Election-year rhetoric, television, and fan magazines have made us forget the greatness of America. These five stories are presented as a reminder.
What, We Worry?
When in 1903 — or was it ’04? — my mother and father came to the United States from the old country, their dream was not unique. Steady work and schooling for the boys, who were born during the following decade. He was a tailor, a quiet man. She was a seamstress, nimble of finger and mind. He was easy, seeking no more than his due. She was feverish, seeking something more. Though she was skilled in her craft, her spirit was the entrepreneur’s. Out there, somewhere, was the brass ring. This was, after all, America.
When my father became ill and was unable to work, she made the big move. Out west, to Chicago. She had a tip: a men’s hotel up for sale … 1921. It was hard work, but she toughed it out. She was a hotelier, in business for herself. She was May Robson, Apple Annie, making it. These were no apples she was selling; she was a woman of property. They were pretty good years, the twenties. But something went wrong in ’29, something she hadn’t counted on. The men she admired, the strong, the powerful ones, the tycoons (she envisioned herself as a small-time Hetty Green), goofed up somewhere. Kerplunk went her American dream.
My mother’s gods had failed her; and she, who had always believed in making it, secretly felt that she, too, had failed. Though the following years didn’t treat her too unkindly, her fires were banked. Her dreams darkened. She died a bitter, cantankerous old woman, who almost, though never quite, caught the brass ring.
Failure was as unforgivable then as it is now. Perhaps that’s why so many of the young were never told about the depression, were, as one indignant girl put it, “denied our own history.”
During the Christmas bombings of North Vietnam, the St. Louis cabbie, weaving his way through traffic, was offering six o’clock commentary.
“We gotta do it. We have no choice.” “Why?”
“We can’t be a pitiful, helpless giant.
We gotta show ’em we’re number one.”
“Are you number one?”
A pause. “I’m number nothin’.” He recounts a litany of personal troubles, grievances, and disasters. His wife left him; his daughter is a roundheel; his boy is hooked on heroin; he loathes his job. For that matter, he’s not so crazy about himself. Wearied by this turn of conversation, he addresses the rearview mirror: “Did you hear Bob Hope last night? He said… “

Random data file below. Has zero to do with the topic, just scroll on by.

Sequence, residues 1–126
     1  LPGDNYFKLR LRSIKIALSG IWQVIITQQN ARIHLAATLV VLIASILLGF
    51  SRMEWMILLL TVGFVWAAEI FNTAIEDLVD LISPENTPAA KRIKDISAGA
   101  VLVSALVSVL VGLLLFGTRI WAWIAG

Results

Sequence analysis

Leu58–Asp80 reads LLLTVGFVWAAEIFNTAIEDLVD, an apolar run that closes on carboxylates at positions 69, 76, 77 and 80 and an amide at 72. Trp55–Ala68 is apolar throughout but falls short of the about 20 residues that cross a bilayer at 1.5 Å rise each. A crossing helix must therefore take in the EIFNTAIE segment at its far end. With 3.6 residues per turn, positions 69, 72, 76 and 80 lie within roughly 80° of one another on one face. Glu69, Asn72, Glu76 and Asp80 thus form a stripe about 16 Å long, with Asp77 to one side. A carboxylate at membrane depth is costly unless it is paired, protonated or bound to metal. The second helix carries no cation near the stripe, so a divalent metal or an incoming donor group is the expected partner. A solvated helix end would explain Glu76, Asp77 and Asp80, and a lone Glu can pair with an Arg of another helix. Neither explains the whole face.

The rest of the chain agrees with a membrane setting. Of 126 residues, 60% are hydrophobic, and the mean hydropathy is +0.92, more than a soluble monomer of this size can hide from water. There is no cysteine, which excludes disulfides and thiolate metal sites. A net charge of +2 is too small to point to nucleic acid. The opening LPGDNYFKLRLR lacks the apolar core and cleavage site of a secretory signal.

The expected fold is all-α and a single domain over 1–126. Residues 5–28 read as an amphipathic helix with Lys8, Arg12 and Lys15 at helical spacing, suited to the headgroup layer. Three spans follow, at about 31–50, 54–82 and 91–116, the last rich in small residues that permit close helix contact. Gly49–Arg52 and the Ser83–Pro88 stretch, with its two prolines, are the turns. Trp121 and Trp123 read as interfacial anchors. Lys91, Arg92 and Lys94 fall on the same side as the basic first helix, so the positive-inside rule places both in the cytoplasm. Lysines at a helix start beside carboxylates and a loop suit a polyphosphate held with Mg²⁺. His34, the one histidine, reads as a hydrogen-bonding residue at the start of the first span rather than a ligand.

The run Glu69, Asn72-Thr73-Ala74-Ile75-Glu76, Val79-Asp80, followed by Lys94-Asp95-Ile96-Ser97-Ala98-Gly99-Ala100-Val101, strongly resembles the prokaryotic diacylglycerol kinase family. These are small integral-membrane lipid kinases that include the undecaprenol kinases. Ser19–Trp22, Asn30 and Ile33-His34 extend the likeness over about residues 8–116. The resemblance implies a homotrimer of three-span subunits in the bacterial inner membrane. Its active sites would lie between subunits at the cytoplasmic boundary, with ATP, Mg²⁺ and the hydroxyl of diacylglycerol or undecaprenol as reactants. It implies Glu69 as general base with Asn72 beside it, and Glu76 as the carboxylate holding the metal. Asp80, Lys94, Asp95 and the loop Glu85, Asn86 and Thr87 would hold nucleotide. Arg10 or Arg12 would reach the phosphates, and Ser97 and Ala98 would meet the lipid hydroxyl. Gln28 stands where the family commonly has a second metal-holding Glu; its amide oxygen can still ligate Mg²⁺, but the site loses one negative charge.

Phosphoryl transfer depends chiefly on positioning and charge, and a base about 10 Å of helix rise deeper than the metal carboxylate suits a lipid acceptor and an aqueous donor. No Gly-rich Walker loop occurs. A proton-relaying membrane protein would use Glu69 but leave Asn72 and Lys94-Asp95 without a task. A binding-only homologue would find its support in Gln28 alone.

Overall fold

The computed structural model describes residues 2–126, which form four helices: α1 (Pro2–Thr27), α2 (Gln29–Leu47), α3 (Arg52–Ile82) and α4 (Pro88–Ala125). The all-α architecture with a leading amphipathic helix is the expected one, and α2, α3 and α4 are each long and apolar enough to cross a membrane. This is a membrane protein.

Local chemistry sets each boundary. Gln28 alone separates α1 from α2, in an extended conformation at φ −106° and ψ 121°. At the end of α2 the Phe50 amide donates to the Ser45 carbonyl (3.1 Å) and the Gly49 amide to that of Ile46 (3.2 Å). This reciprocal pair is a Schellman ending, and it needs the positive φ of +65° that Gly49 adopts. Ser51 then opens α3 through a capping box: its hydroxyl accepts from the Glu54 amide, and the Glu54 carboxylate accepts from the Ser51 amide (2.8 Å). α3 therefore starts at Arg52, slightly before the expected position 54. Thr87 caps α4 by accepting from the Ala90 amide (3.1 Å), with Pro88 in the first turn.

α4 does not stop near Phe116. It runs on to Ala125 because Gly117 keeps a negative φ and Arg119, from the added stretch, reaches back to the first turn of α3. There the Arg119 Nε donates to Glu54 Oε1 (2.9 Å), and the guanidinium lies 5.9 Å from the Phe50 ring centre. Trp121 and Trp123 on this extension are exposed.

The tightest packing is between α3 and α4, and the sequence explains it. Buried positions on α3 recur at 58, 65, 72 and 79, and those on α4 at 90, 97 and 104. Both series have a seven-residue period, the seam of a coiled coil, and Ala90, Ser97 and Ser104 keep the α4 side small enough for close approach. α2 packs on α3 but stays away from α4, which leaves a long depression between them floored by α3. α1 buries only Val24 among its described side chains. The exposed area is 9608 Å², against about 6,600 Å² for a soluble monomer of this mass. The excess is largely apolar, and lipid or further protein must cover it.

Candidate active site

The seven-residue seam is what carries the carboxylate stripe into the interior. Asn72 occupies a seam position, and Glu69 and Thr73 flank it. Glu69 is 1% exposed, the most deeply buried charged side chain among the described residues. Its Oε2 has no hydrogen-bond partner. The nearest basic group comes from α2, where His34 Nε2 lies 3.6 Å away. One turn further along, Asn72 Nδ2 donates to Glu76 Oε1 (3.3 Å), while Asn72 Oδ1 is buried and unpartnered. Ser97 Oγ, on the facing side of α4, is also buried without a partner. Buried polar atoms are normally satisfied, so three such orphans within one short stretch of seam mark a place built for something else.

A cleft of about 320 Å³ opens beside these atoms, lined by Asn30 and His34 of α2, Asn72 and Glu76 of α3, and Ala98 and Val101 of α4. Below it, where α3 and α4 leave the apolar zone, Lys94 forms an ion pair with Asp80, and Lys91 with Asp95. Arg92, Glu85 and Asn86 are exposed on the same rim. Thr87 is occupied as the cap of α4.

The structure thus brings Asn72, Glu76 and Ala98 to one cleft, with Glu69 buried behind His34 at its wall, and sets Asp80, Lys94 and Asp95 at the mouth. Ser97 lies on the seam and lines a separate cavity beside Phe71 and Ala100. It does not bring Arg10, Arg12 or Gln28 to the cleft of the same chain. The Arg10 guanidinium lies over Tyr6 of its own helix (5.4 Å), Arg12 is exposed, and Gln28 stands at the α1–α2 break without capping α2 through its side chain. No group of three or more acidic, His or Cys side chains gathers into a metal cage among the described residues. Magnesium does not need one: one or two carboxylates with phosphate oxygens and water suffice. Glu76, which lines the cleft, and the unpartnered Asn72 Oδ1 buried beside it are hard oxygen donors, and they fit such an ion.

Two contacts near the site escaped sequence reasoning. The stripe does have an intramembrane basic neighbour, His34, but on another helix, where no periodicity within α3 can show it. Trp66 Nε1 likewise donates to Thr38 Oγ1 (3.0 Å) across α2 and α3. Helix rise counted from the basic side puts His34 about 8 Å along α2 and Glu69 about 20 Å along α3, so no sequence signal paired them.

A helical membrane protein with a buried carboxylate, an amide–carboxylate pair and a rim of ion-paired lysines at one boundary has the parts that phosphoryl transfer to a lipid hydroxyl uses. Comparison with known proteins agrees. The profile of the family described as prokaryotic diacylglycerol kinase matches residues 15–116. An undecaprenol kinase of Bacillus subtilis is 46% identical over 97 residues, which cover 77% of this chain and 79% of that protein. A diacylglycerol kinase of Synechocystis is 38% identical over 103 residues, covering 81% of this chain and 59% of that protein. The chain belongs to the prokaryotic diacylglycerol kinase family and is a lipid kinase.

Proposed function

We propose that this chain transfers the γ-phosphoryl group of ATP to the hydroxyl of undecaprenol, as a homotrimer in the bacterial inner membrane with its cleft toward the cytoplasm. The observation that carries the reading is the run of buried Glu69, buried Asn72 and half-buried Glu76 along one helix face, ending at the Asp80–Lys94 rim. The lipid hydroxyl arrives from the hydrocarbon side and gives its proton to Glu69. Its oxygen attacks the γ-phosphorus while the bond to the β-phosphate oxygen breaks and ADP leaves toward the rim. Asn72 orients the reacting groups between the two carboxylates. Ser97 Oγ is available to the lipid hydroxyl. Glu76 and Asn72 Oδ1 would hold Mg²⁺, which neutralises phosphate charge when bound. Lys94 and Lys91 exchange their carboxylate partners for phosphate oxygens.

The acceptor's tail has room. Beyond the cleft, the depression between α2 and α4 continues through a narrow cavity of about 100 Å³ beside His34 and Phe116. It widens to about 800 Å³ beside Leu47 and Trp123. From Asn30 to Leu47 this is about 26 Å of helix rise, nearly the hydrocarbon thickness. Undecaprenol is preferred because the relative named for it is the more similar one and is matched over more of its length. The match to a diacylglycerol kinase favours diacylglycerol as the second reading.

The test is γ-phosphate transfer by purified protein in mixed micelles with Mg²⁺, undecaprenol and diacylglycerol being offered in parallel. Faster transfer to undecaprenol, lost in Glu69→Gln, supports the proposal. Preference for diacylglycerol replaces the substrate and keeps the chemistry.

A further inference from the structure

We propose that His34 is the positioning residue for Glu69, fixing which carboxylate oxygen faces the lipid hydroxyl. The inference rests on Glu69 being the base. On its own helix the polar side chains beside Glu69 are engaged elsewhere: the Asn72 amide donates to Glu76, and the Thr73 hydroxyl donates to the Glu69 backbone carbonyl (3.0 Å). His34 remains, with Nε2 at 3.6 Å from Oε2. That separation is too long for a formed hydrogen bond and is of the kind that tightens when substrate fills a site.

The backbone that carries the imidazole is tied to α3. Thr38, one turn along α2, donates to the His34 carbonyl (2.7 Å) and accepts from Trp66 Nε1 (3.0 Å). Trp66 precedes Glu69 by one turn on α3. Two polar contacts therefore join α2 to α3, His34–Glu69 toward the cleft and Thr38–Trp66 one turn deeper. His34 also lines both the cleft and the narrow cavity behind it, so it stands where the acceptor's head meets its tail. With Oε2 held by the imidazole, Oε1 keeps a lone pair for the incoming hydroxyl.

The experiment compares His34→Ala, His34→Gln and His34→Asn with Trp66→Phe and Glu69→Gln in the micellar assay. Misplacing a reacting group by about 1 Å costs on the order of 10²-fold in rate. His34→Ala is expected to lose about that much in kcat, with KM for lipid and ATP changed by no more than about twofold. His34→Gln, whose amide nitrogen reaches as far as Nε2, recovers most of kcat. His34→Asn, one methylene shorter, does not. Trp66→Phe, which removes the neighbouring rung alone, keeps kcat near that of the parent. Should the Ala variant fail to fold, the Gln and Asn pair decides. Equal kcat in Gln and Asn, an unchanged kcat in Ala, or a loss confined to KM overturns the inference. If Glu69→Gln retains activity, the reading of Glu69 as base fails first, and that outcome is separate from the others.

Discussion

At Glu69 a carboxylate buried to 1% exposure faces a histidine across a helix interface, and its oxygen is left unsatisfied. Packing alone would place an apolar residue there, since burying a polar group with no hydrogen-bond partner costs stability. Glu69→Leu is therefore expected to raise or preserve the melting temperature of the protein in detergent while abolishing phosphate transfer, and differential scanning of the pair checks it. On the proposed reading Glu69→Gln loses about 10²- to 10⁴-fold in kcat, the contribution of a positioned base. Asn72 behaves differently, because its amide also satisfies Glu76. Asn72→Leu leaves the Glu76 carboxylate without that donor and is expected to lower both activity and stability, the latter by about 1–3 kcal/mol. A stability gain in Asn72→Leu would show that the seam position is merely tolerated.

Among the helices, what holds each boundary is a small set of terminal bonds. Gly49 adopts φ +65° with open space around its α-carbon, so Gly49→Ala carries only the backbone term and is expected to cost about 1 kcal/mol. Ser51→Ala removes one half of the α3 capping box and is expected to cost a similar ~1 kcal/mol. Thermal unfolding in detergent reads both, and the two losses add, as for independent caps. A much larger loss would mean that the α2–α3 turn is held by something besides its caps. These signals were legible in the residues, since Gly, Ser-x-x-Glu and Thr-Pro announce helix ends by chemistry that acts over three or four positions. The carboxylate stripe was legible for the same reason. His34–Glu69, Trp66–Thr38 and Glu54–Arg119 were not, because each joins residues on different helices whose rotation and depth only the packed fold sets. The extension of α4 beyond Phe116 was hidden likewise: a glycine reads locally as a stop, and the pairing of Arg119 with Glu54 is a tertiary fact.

Forfeiting their own life experience, their native intelligence, their personal pride, they allow more celebrated surrogates, whose imaginations may be no larger than theirs, to think for them, to speak for them, to be for them in the name of the greater good. Conditioned toward being “nobody,” they look toward “somebody” for the answer. It is not what the American town meeting was all about.
Yet, something’s happening, as yet unrecorded on the social seismograph.
There are nascent stirrings in the neighborhood and in the field, articulated by noncelebrated people who bespeak the dreams of their fellows. It may be catching. Unfortunately, it is not covered on the six o’clock news.
In my new book, American Dreams: Lost and Found, which will be published by Pantheon Books, are many American voices, captured by hunch, circumstance, and a rough idea. There is no pretense at statistical “truth” or consensus. There is, in the manner of a jazz work, an attempt, of theme and improvisation, to recount dreams, lost and found, and a recognition of possibility. Here, from American Dreams, are five of those voices.
The American Dream Retrospective:
Sen. James Abourezk
He has been a senator from South Dakota. He had decided not to stand for re-election. It is Saturday afternoon… two days before Halloween, 1977. We’re in his office in the Senate Office Building, Washington, D. C. He and Sen. Howard Metzenbaum of Ohio have been conducting a 13-day filibuster against a bill deregulating the price of oil.
As Sam Rayburn said, if you want to get along, go along. That’s the philosophy of most people around here. Very few people here stand for something. They have taken public-opinion polls to heart. There’s nothing wrong with polling, but it’s something else when you start calculating on every single little issue: How am I gonna be cute on this? How am I gonna gimmick this one up so I can go back home and not get in trouble? There are very few guys around here who are not afraid to get in trouble-on anything.